Keywords: decision-making; workplace; leadership; moral psychology; deviance;
This scenario is about a junior employee put in an awkward position by a supervisor who encourages them to invent numbers in order to complete a report on time. Regardless of whether the employee agrees to do so, they end up being faced with rationalizations — either the opportunity to engage in rationalization to help themselves feel better, or the opportunity to respond to a rationalization in order to defend their own integrity. This case is an exploration of a common problem faced by early career employees. It is also an opportunity to discuss a point drawn from the literature on wrongdoing, which is that very often “good people do bad things” because they are able to make use of rationalizations.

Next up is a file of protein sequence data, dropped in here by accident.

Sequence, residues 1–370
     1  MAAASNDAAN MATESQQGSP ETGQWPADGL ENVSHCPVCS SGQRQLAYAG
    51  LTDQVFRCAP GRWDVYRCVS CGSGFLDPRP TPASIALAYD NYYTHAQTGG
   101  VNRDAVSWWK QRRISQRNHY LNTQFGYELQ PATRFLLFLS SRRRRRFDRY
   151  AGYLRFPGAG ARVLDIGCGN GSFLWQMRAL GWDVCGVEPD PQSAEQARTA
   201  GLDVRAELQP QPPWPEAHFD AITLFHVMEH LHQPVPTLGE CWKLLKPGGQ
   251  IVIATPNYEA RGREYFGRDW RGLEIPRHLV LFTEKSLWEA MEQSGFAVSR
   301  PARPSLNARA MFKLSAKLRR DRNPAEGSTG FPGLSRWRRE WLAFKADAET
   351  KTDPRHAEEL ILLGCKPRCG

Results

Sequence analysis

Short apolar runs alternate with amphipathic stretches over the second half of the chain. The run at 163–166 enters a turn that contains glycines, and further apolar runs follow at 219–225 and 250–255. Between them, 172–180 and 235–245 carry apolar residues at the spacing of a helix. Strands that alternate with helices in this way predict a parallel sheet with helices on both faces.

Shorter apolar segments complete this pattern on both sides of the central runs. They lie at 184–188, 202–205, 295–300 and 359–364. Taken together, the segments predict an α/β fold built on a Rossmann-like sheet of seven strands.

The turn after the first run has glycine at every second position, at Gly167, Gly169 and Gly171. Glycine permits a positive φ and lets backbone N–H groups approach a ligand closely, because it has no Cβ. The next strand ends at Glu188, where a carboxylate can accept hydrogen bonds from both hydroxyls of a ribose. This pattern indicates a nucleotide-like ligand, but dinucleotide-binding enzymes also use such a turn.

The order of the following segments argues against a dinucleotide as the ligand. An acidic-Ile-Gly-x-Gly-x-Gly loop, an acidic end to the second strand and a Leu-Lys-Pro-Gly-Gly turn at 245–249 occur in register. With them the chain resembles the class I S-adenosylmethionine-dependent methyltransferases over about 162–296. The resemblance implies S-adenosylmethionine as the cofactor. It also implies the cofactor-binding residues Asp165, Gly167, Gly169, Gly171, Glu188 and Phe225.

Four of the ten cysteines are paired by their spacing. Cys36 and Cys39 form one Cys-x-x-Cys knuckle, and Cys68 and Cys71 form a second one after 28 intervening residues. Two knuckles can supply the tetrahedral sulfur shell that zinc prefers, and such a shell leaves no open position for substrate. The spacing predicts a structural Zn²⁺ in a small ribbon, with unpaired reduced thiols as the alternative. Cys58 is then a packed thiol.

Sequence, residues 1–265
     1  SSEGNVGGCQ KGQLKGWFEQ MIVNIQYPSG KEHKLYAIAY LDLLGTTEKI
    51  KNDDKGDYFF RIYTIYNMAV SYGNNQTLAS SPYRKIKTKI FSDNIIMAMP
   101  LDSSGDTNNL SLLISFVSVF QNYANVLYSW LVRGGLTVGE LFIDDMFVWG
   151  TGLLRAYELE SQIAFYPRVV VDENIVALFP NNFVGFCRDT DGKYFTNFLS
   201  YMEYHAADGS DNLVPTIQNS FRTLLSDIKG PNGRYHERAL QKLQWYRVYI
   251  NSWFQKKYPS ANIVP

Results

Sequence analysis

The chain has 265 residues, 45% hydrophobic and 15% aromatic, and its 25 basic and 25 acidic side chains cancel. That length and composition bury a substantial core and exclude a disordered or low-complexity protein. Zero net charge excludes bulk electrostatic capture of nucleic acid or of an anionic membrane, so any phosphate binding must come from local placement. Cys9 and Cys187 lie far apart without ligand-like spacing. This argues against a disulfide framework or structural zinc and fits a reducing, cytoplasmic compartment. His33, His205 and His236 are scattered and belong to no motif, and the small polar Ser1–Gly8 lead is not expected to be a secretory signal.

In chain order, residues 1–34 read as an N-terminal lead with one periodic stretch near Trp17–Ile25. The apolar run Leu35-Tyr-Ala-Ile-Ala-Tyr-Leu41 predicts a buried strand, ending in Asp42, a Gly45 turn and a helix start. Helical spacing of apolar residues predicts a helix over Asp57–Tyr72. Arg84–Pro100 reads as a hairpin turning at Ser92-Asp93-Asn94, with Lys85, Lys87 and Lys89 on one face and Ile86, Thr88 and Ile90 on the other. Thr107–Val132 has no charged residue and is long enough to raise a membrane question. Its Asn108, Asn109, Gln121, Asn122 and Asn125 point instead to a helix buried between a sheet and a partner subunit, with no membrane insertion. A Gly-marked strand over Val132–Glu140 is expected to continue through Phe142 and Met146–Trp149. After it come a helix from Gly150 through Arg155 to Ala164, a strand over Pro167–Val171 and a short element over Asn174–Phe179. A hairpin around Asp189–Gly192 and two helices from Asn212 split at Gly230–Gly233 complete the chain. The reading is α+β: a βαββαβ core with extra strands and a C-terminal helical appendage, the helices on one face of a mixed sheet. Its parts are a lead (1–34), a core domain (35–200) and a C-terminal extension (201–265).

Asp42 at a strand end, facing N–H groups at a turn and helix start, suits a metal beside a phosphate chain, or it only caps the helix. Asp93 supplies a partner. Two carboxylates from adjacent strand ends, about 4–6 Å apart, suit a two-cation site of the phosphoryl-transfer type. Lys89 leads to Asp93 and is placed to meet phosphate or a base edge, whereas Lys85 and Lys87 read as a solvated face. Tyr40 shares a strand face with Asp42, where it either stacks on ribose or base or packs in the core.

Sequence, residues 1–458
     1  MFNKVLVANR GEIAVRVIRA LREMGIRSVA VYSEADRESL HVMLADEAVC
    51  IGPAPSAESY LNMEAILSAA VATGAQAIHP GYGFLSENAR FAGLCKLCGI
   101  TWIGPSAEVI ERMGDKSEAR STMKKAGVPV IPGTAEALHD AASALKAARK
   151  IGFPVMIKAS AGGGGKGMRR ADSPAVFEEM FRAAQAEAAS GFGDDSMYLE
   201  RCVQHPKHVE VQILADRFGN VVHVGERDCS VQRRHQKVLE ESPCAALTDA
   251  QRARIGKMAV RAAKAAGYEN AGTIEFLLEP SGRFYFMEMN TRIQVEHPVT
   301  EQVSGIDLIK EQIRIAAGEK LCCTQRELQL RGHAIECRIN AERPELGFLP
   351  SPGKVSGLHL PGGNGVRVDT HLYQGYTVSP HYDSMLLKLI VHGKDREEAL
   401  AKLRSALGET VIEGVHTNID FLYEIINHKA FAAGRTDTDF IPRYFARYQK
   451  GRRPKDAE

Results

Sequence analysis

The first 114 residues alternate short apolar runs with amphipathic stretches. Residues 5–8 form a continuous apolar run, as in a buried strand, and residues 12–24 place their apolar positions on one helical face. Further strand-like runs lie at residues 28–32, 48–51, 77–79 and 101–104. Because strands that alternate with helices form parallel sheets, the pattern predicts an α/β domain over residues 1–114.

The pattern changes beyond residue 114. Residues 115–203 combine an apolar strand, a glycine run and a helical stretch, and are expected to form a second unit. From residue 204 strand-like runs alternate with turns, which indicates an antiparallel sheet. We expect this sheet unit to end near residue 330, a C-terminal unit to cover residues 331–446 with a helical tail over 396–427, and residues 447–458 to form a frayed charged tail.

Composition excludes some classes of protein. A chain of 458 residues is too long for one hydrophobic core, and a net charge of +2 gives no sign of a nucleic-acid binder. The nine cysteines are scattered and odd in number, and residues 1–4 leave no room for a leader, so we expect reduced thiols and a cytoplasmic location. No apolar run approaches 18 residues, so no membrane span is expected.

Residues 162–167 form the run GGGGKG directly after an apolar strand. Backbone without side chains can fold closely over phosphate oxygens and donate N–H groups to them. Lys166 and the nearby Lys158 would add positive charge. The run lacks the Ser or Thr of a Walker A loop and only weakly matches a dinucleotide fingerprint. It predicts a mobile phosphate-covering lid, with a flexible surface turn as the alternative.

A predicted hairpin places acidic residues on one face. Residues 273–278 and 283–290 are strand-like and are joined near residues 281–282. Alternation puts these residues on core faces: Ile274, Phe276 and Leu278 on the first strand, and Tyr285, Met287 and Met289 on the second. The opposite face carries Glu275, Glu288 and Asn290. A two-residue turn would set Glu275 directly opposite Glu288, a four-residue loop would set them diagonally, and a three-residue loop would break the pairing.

Possible Questions for Discussion:
- How common do you think rationalizations and excuse-making are in the average workplace?
- How do you think an individual might feel after offering a rationalization for something that they are pretty sure is against the rules?
- If someone tried to get you to do something you thought was wrong, and told that “Everybody does it,” what would YOU say in response?
- If someone told you they did something you thought was wrong, and told that “It’s not my fault, because I was ordered to do it,” what would YOU say in response?
- When you hear someone offering those kinds of rationalizations, what do you tend to think about that person, their values, or their situation?
Ethics and Rationalization (from the Ethical Realism blog)
Rationalizations (video from Ethics Unwrapped)
Twelve Common Rationalizations and Excuses to Avoid (from the Josephson Institute)